Though resoundingly considered the group's finest creative moment, the electronic experimentation of 2000's Kid A was a radical departure comparable to Dylan plugging in or Neil Young releasing a vocoder synth-pop album. It featured a largely computerized framework augmented by highly processed guitars and other instruments, alongside eruptions of horns and strings. Essentially, Kid A was Radiohead's Sgt. Pepper's Lonely Hearts Club Band, and the record's kitchen-sink approach could not have alienated fans more.
In 2001, Yorke told Mojo: "I was really, really amazed at how badly [Kid A] was being viewed... because the music's not that hard to grasp. We're not trying to be difficult... We're actually trying to communicate, but somewhere along the line, we just seemed to piss off a lot of people... What we're doing isn't that radical."
In many ways, the frontman was right. Krautrock, psychedelia, No Wave, and other experimental rock genres had proliferated since the '60s, while entire generations of musicians had visited the terrain explored on Kid A and that record's companion followup, Amnesiac. However, when was the last time those sonic concepts had unfolded in the mainstream? Much like the aforementioned Beatles and Floyd opuses, Kid A was not just a relatively dense package of frustrated expectations and studio grandeur. It was an album poised to challenge the average listener.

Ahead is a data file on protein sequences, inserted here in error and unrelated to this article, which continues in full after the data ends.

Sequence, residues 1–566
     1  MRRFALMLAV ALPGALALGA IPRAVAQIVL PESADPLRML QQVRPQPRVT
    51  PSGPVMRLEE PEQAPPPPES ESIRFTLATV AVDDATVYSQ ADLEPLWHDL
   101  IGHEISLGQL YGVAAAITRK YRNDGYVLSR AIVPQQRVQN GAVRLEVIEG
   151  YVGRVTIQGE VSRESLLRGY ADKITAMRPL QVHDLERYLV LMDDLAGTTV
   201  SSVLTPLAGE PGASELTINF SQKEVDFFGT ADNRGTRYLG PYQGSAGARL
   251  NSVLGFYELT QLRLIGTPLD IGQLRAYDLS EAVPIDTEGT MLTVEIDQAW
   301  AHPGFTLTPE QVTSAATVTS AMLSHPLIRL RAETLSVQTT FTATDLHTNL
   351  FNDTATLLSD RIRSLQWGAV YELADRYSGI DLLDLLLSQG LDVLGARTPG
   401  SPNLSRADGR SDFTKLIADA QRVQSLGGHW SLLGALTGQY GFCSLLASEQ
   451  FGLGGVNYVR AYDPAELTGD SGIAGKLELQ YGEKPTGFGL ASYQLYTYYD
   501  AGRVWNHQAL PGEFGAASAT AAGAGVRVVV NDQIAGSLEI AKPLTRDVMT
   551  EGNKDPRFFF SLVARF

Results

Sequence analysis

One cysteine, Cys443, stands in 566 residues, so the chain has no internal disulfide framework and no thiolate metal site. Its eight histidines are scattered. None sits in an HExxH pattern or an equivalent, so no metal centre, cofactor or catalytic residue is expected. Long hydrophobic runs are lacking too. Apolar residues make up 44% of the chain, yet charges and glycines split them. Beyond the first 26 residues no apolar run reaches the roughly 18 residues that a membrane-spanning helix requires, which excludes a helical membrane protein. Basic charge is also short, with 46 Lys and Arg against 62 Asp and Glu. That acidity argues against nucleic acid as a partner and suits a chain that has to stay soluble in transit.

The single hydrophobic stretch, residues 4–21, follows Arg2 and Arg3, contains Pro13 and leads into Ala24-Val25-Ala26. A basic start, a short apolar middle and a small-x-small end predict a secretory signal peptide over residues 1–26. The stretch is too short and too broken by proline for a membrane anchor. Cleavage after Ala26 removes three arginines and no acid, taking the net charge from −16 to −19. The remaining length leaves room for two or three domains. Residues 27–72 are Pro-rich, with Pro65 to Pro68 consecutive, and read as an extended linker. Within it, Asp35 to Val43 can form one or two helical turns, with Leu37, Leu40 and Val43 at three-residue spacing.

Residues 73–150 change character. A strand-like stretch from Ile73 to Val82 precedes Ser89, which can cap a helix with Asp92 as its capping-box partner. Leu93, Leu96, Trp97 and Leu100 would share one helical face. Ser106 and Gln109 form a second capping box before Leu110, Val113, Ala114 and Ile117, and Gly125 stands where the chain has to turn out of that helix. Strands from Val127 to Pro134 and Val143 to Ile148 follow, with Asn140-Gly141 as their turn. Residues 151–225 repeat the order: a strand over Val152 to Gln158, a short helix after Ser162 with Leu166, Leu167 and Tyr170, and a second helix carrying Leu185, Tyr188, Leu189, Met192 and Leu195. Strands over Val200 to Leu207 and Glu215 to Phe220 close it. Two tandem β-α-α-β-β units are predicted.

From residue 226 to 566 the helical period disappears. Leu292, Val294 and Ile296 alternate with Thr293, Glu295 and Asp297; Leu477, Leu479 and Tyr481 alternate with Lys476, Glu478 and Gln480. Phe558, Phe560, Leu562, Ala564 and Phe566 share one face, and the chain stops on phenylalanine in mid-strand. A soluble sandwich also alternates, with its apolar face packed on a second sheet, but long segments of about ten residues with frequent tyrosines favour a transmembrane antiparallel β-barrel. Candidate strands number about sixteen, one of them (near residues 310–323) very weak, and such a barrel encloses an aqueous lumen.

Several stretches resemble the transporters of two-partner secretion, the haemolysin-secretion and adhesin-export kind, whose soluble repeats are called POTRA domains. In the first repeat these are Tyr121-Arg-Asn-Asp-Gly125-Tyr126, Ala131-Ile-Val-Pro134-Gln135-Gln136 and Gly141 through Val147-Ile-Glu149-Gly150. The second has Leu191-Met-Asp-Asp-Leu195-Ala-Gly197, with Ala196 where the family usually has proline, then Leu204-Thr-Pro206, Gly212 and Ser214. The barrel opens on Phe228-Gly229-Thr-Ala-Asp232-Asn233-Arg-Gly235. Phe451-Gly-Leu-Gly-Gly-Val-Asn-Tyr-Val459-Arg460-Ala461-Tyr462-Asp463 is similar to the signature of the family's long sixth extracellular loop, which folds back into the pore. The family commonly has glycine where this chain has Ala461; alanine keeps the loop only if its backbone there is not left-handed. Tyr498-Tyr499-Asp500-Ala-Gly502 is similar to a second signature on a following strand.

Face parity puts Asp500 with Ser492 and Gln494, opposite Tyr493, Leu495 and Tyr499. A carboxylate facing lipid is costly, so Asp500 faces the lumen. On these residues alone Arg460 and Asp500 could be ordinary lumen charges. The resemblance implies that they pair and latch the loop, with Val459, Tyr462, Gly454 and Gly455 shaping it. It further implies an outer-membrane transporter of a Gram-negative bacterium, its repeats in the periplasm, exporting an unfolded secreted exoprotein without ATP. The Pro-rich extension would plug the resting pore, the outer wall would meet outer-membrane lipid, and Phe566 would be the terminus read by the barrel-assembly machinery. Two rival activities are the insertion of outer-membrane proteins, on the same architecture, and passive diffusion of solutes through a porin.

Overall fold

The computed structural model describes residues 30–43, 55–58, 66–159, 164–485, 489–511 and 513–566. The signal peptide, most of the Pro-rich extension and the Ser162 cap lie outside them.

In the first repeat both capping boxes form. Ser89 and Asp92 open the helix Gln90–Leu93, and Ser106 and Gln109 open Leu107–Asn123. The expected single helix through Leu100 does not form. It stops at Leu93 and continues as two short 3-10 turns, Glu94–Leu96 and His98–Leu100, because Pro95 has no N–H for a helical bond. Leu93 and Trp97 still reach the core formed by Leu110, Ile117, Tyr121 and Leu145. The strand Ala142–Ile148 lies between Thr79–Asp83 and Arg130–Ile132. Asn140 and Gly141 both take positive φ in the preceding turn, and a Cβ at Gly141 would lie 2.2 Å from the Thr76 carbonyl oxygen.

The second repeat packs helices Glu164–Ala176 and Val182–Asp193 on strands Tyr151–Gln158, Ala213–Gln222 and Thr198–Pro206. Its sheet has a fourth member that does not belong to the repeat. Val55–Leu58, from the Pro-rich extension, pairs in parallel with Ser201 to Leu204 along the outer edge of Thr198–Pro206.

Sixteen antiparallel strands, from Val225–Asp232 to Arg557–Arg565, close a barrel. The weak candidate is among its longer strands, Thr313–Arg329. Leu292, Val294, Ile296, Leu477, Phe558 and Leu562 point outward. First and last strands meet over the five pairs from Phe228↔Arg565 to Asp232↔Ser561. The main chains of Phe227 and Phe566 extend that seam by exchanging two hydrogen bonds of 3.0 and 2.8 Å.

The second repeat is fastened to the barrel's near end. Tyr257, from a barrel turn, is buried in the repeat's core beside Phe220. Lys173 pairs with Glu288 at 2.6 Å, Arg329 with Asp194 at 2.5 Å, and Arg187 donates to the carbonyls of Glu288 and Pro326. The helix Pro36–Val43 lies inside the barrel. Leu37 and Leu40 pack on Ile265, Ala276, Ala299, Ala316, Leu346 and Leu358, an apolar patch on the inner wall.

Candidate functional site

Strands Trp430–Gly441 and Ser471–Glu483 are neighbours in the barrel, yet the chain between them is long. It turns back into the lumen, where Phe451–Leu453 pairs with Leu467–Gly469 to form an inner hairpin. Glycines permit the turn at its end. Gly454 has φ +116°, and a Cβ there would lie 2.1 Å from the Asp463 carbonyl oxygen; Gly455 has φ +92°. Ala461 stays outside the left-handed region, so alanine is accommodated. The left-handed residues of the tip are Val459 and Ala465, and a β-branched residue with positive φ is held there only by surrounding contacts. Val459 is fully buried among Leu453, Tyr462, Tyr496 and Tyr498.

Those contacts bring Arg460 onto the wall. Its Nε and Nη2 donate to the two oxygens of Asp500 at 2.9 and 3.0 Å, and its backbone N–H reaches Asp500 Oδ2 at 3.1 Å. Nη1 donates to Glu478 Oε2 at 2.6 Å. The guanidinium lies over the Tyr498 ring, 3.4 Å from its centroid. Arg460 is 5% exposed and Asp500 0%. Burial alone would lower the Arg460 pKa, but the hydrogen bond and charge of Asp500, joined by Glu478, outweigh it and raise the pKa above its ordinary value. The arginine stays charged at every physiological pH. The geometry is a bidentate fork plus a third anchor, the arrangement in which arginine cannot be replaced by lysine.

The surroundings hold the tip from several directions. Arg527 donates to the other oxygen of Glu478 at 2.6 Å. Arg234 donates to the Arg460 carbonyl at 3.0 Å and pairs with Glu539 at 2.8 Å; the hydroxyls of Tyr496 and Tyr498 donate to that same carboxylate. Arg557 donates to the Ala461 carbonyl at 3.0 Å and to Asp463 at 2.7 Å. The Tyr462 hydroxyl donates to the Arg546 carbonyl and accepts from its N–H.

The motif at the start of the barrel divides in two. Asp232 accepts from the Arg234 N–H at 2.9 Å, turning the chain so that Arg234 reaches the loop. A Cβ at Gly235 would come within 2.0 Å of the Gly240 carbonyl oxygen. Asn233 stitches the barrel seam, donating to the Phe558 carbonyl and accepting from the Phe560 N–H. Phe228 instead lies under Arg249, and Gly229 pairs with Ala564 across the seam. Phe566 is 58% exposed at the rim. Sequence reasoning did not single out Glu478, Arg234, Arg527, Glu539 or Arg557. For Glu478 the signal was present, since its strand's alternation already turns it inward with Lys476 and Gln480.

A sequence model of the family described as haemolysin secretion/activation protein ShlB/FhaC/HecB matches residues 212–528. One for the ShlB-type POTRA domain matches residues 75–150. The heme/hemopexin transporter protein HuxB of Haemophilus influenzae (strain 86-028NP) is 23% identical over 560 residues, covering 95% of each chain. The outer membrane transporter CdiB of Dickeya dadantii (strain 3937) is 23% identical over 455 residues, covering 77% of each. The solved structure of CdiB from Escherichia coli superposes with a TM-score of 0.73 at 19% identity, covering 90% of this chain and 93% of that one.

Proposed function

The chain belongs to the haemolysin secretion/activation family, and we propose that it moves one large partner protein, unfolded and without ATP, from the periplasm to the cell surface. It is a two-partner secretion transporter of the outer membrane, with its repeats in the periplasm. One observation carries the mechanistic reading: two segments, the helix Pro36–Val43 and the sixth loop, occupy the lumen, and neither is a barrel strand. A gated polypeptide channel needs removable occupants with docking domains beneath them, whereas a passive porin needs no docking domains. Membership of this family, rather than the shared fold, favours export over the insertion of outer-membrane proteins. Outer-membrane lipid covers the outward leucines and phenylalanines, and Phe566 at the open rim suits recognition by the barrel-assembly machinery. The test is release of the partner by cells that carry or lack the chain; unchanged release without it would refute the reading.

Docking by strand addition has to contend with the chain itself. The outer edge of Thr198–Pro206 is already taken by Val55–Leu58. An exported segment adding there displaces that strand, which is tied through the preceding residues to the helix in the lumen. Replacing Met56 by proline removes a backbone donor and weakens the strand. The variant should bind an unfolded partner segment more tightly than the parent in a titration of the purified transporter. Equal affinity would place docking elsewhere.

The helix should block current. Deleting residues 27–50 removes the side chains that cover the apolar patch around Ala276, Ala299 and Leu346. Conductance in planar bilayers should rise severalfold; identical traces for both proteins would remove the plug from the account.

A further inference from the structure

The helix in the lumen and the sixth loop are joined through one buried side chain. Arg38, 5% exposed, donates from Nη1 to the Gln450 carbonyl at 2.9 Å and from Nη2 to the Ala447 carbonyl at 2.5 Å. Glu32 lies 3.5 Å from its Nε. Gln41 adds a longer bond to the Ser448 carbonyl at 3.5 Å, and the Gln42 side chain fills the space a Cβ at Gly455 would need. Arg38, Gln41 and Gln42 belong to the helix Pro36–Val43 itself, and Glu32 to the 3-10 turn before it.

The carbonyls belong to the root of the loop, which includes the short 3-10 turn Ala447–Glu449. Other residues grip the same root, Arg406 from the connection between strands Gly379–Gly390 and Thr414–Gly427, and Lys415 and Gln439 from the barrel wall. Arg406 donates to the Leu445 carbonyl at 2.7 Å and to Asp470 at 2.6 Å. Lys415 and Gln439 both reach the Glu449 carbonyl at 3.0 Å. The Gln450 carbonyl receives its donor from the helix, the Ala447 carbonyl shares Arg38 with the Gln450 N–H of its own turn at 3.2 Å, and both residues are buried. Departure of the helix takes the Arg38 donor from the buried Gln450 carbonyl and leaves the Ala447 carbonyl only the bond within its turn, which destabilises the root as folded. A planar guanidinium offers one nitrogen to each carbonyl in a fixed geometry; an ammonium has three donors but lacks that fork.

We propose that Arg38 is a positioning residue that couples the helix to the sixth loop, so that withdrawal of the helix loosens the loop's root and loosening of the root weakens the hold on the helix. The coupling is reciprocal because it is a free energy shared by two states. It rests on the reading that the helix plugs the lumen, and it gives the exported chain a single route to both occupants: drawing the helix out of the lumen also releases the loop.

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Return of rock. Since the one-two punch of Kid A and Amnesiac, Radiohead seems to have settled comfortably into playing the role of elder rock kings. The band's three albums released since 2002 — Hail to the Thief, In Rainbows, and King of Limbs — have all been praised by critics for their "more accessible sound," which is to say straight-forward, melodic, and just rocking enough.
If those records had been the band's initial statements, they wouldn't have even yielded the "Nirvana lite" press assessments that placed them in opposition to Britpop's cheeky sheen. But Radiohead is Radiohead, and its legacy could inflate even the most flaccid record. Furthermore, the band has maintained relevancy by embracing the Internet's download free-for-all. Beginning with 2005's In Rainbows, the band has self-released its albums via a pay-what-you-want download system before allowing major record companies to release deluxe physical copies further down the line.
If rock was already on its way out when Radiohead got its start, it's practically a blip on the pop music radar in 2012. While nearly all genres have been infected by digital culture, mainstream rock 'n' roll has remained frozen in time. Can you think of the last rock band that mattered? Was it Radiohead?